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  1. keannu's Avatar
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    #1

    If he had come to the party, he might(could) have met her.

    Depending on conditional clause, "might(could)+have+p.p" can become either counterfactual or predictive result.
    I learned that might(could)+have+p.p is past perfect to as distancing effect to denote fiction, but can it also function as presumption in the second case? In the second case, doesn't it denote past perfect? I'm wonder if might(could) is describing "have met" in the second case instead of being past perfect. I mean, how the same structure can mean two different things.

    1.If he had come to the party, he might(could) have met her.(counterfactual)
    : He didn't come, but in the counterfactual case of his coming, he met her.
    2.If he came to the party, he might(could) have met her.(predictive)
    : I don't know if he came or not, but in case of his coming, he probably met her.

  2. Barb_D's Avatar
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    #2

    Re: If he had come to the party, he might(could) have met her.

    1. Counterfactual - he had the opportunity to meet her. We don't know if he did or not. (That is, if he would have met her or not.) Could - he would have the opportunity. Might - it's possible he would have - less certain.
    2. I don't know if he came or not - it's not PROBABLE, it's simple possible.


    The thing is, I don't walk up to you on the street, whipser "If he had come, he could have met her" and slip away, leaving you to wonder what I meant.

    If we are talking and wondering how David met Christina, I might say "Oh, if he went to that party, he might have met her there. I know I saw Christina there... not sure if David was there, though."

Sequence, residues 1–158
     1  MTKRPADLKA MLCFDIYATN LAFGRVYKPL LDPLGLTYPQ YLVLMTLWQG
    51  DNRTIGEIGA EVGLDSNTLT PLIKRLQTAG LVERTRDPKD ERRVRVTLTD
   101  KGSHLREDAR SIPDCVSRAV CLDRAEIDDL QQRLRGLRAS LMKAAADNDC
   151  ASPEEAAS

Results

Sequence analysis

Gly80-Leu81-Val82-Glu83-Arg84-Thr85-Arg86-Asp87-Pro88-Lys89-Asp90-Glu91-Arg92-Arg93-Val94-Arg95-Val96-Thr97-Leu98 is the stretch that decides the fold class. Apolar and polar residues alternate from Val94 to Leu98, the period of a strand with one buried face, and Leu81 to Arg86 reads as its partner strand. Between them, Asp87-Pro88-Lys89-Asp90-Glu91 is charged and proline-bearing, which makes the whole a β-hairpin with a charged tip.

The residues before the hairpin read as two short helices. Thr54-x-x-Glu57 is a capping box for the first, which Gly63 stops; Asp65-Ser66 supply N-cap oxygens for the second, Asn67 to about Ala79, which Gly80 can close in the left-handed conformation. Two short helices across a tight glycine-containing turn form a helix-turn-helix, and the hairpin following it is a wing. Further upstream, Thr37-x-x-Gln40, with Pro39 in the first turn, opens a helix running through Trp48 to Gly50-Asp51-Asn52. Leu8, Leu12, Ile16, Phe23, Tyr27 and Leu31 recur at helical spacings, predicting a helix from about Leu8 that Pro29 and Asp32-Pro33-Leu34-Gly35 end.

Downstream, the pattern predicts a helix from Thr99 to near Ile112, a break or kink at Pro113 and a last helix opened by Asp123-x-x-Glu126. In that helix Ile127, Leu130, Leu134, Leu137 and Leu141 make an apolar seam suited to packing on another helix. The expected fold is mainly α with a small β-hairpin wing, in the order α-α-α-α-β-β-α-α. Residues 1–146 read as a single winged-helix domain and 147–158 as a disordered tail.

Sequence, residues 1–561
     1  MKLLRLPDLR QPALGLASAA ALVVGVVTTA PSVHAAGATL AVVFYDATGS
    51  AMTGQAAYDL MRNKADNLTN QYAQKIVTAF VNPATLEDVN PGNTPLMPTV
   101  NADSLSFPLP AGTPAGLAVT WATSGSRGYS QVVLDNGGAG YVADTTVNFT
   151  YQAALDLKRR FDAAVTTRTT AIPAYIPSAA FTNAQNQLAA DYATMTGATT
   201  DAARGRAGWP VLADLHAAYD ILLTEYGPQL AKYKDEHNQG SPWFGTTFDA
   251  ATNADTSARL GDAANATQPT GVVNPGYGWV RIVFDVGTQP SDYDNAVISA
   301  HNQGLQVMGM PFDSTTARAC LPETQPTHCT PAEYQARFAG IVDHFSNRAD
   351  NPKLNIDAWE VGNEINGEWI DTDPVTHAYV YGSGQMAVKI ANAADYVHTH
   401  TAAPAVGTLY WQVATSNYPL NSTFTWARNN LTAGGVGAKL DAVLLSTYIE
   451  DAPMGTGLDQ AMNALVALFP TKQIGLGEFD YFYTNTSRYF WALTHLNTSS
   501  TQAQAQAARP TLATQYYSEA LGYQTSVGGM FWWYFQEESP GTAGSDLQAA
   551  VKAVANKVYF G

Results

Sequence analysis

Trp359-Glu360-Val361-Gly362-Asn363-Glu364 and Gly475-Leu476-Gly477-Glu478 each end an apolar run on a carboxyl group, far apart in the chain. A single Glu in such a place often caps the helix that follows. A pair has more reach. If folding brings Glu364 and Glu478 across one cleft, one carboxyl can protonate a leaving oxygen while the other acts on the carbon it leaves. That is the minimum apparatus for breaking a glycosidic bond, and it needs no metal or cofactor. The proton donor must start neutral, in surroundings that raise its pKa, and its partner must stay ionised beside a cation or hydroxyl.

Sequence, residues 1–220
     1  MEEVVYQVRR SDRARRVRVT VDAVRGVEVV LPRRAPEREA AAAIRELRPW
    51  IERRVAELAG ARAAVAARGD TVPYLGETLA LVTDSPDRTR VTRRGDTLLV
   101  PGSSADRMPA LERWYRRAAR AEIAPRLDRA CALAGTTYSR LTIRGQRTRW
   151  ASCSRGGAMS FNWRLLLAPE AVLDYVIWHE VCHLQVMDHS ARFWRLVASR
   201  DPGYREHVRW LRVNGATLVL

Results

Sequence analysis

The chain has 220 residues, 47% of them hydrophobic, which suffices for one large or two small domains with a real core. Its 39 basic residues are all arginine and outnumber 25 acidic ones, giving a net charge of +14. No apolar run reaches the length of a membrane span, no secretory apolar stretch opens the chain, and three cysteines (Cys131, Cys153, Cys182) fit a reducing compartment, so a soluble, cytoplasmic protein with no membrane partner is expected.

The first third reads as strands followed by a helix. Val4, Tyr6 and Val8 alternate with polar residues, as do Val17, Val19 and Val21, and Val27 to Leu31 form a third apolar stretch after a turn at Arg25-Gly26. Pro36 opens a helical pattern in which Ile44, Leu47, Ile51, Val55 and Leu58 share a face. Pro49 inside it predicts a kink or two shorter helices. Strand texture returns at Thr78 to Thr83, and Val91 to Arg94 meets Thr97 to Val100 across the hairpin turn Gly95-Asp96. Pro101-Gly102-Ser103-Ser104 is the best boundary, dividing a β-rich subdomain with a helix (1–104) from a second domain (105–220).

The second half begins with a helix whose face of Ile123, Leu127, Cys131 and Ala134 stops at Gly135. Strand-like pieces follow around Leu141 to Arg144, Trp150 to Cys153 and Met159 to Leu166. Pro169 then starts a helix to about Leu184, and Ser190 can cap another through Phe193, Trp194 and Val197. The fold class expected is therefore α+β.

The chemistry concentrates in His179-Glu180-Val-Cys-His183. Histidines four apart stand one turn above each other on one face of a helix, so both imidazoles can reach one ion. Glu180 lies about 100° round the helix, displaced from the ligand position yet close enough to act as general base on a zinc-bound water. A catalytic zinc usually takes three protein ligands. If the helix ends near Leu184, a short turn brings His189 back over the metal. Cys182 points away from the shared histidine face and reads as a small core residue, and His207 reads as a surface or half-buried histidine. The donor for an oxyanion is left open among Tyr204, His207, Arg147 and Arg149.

If we are talking about how much David loves Katy Perry, you might say "Too bad he didn't go to that party.If he had gone, he could have met her. She spent the whole night just hanging out with the other guests."

    Real life gives context to what say and provides the meaning.
    I'm not a teacher, but I write for a living. Please don't ask me about 2nd conditionals, but I'm a safe bet for what reads well in (American) English.

  3. keannu's Avatar
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    #3

    Re: If he had come to the party, he might(could) have met her.

    Thanks a lot! Regarding the following, do you mean the speaker is not certain whether he came or not? As I know, the speaker is quite certain about his not coming if he says "If...had+p.p" and that is how a counterfactual conditional goes.

    If he had come to the party, he might(could) have met her
    1. Counterfactual - he had the opportunity to meet her. We don't know if he did or not

    Actually, my real question is much more grammatical, maybe there seems to be no rule, and if it is true, I will ignore it and try not to learn. My question was how could(might)+have+p.p can be interpreted in two ways. I learned in someone's precious material that "could(might)+have+p.p" denotes past perfect that can refer to counterfactuality(two steps back from the present tense by using distancing), but in case of predictive conditional, it seems to mean just presumption. So do "could, might" sometimes denote fiction and other times imagination?

  4. Barb_D's Avatar
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    #4

    Re: If he had come to the party, he might(could) have met her.

    I don't see "could" and "might" as interchangeable.

    If he had come - indicates that he did not come.
    If he had come, he could have met her -- it's much more certain the meeting would have taken place (were he there).
    If he had come, he might have met her -- it's less certain the meeting would have taekn place (even if we were there).
    I'm not a teacher, but I write for a living. Please don't ask me about 2nd conditionals, but I'm a safe bet for what reads well in (American) English.

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